Former child actor Alfonso Ribeiro knows about gamesmanship. (photo credit: RangerRick via photopin cc)
If it were up to me, I’d be spending my Monday nights the same way I did last summer: watching and recapping ABC Family’s Bunheads
. When I took advantage of a free advance preview of the pilot last year, I was unprepared for a show about a California dance studio to become appointment viewing for an old man who’s never before had any interest in shows about dancing, teens, or dancing teens. (I’d never even followed an ABC Family series before, unless reruns of Whose Line Is It, Anyway?
Full credit for my Bunheads fandom goes to an atypical cast, talented crew, shrewd choices in songs and routines, the constant flurry of unpredictable pop-culture riffs, and Gilmore Girls creator Amy Sherman-Palladino, who had to know that a ballet dramedy would a hard sell in today’s TV landscape. Alas, too few Nielsen commoners supported its first season to guarantee its renewal, but it beat enough late-night infomercials to merit extended reconsideration by the Powers That Be…who, four months after the season finale, have yet to decide whether it lives or dies.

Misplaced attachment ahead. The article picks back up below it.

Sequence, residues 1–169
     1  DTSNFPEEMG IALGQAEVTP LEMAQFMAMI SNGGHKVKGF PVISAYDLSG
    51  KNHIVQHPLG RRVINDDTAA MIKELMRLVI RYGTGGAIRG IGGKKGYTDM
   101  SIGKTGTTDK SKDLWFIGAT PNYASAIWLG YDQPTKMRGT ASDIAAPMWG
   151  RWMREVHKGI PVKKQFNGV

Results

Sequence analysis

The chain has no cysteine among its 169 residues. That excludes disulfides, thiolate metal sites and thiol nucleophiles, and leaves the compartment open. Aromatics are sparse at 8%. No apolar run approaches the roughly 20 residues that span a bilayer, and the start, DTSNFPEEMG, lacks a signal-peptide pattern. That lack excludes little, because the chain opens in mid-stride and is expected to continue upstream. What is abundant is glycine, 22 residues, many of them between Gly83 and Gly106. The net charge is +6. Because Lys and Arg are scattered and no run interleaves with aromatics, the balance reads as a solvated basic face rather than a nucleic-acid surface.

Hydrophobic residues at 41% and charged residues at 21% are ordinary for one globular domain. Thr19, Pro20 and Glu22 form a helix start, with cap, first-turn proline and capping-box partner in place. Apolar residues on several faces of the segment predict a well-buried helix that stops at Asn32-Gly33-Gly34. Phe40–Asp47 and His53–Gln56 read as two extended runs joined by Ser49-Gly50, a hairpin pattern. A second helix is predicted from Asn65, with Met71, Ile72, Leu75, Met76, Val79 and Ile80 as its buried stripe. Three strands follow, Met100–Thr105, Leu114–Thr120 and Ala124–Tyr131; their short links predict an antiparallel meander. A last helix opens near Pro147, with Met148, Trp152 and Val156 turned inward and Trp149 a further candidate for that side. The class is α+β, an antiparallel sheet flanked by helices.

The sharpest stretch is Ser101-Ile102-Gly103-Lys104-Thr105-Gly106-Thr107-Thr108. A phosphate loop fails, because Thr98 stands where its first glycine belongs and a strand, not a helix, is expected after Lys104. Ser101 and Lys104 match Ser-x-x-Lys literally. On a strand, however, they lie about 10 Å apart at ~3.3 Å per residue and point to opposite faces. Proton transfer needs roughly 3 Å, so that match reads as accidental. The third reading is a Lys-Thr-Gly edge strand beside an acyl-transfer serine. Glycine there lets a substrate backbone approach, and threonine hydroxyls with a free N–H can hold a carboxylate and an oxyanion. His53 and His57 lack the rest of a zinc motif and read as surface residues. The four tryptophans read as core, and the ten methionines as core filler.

This same management team had no compunction announcing their latest approved acquisition this week: a weekly spelling bee! Because certified TV scientists have proven in their shiny corporate labs that America loves its game shows, erstwhile Fresh Prince sidekick Alfonso Ribeiro will be hosting the upcoming Spell-Mageddon, in which contestants must refresh themselves on their old high-school vocabulary tests and enter the low-stakes world of competitive spelling, without benefit of Auto-Correct or even Auto-text. Truly this promises to be like an aerial death match without a net.